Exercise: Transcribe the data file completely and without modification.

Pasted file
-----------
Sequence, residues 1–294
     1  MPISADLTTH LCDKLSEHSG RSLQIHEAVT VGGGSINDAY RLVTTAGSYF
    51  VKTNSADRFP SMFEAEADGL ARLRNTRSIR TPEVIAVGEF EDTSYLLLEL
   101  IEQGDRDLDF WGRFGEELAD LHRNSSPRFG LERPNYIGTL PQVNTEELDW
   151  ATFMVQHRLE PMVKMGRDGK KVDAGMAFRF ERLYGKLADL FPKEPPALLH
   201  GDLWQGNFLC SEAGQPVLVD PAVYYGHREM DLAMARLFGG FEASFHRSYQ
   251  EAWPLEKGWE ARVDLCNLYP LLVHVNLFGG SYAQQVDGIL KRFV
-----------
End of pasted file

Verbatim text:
Sequence, residues 1–294
     1  MPISADLTTH LCDKLSEHSG RSLQIHEAVT VGGGSINDAY RLVTTAGSYF
    51  VKTNSADRFP SMFEAEADGL ARLRNTRSIR TPEVIAVGEF EDTSYLLLEL
   101  IEQGDRDLDF WGRFGEELAD LHRNSSPRFG LERPNYIGTL PQVNTEELDW
   151  ATFMVQHRLE PMVKMGRDGK KVDAGMAFRF ERLYGKLADL FPKEPPALLH
   201  GDLWQGNFLC SEAGQPVLVD PAVYYGHREM DLAMARLFGG FEASFHRSYQ
   251  EAWPLEKGWE ARVDLCNLYP LLVHVNLFGG SYAQQVDGIL KRFV